I guess it's too far fetched for now. We still don't know which event is going to happen and how, and last but not least, in what order. But still, conceptualizing what will happen is a very interesting intellectual exercise... although it might end up to be just a mental masturbation.

Willy2 said...

Yes, savings will go up around in every country around the world but wil it be enough to offset the destruction of credit ? Remember, what savings are for one person is credit for someone else. And that's why a lot of folks invest in gold and silver.
And what is the precise definition of savings ? Does it consist of some crappy statistics like the US unemployment figures ? Do the words "Birth and Death" ring a bell ?

There's a distinct danger for higher/hyper inflation in the future. If GDP collapses and the FED would choose to keep pinting money at unprecedented levels (like in Weimar Germany and Zimbabwe) then inflation could start to appear. But currently that's only a possibility for some distant future.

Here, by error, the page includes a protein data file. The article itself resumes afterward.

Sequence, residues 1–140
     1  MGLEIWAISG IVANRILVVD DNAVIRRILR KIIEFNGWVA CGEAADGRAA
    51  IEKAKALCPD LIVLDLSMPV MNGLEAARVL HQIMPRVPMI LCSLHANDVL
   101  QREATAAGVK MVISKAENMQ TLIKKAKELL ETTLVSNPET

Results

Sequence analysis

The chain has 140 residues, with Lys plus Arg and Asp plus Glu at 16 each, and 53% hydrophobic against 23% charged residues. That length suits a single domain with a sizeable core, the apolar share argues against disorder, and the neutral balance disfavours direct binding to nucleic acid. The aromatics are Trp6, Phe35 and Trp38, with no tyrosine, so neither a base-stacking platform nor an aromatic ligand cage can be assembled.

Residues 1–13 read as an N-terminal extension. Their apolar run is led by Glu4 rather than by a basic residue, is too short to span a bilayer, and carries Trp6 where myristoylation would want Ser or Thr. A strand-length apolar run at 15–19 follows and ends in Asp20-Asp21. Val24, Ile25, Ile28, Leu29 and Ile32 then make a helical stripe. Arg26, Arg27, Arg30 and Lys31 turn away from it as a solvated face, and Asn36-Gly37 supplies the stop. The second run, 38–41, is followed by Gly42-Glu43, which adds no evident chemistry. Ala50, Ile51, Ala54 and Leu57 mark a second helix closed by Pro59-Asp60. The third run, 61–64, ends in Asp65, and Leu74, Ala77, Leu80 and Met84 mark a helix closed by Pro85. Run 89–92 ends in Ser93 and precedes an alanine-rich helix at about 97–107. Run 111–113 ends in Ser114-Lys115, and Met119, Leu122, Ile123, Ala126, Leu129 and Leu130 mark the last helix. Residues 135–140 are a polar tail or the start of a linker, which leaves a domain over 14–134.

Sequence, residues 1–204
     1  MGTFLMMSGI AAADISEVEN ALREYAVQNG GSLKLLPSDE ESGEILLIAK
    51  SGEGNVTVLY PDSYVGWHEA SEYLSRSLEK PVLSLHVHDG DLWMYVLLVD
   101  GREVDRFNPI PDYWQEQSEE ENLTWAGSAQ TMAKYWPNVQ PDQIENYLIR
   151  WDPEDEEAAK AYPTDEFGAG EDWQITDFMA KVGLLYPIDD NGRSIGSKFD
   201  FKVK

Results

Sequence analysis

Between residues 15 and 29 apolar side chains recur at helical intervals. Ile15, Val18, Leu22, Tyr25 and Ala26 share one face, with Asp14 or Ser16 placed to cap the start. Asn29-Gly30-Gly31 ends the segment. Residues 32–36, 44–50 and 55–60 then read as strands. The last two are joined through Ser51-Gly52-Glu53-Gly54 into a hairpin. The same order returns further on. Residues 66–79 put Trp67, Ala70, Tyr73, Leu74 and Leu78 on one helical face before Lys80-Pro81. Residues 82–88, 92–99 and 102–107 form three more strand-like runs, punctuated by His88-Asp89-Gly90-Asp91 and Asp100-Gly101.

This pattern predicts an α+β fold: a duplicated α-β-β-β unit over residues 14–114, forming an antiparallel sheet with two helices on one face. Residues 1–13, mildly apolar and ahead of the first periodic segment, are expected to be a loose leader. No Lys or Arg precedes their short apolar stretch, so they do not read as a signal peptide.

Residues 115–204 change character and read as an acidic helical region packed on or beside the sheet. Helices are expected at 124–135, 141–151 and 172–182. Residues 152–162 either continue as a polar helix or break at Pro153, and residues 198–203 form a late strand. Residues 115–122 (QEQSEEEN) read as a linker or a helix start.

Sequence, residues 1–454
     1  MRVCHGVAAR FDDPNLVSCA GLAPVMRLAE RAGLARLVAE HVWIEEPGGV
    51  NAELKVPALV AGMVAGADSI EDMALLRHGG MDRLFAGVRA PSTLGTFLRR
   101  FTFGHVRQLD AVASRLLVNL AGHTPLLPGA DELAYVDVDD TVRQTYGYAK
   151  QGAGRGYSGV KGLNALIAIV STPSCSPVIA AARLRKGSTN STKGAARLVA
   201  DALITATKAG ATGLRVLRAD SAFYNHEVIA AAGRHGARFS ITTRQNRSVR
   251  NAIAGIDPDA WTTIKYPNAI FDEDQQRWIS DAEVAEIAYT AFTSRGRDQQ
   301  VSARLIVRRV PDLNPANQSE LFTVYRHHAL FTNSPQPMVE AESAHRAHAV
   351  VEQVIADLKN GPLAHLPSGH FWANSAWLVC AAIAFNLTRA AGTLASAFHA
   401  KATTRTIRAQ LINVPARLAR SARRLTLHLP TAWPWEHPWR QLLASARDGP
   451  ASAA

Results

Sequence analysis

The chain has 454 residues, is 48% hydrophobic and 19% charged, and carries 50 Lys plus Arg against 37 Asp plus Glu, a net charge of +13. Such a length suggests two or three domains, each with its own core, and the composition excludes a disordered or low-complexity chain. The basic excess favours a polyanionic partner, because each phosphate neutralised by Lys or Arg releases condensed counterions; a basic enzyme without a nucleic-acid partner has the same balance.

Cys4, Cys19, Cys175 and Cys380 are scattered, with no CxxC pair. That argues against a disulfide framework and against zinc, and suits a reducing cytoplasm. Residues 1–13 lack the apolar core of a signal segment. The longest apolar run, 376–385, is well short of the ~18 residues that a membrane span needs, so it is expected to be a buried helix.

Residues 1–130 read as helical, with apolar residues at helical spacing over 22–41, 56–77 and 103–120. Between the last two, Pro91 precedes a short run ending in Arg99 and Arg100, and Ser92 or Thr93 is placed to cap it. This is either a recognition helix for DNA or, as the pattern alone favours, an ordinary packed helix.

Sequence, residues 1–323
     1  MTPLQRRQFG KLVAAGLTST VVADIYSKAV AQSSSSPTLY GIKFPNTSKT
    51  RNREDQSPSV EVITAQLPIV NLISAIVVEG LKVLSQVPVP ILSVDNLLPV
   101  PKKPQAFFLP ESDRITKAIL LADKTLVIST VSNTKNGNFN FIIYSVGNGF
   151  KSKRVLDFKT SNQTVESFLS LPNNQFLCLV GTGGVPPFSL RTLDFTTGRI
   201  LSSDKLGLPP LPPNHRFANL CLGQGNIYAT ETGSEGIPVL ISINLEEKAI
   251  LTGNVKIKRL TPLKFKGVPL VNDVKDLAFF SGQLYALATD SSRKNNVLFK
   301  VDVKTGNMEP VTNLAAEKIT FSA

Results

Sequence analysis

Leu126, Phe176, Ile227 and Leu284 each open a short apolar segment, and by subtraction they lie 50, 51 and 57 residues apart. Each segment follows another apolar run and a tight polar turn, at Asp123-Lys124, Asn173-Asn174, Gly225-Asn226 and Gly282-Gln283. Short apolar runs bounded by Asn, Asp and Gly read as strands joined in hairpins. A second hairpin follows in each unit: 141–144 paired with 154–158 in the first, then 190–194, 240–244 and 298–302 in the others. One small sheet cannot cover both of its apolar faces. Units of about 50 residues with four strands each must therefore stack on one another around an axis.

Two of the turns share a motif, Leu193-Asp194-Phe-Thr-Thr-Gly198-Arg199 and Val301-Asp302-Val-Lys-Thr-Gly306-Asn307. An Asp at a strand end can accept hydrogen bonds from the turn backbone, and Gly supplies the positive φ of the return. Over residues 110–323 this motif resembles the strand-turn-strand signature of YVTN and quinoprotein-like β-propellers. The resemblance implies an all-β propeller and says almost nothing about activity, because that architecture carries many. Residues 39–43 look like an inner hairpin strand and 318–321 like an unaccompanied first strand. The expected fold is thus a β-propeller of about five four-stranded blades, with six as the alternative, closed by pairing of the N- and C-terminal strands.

The US is waging two wars and that could be another good reason to keep printing money. Waging wars is/was a good reason for letting the printing presses run wild.

There's a much more imminent danger: foodshortages !
Go here and read ALL the headlines at the right hand side of the webpage. Although I don't agree his rants of (hyper-)inflation. Foodshortages in the current monetary situation is actually very DEFLATIONARY ! Because e.g. the consumer can't take on more debt to pay for those higher foodprices.

The FED may be printing money like there's no tomorrow but this isn't "invested" in e.g. mortgages but it could flow into agricultural commodities and send foodprices to the moon in an speculation binge. Like the loose money that has send oilprices to over $140 last year.

Roger J said...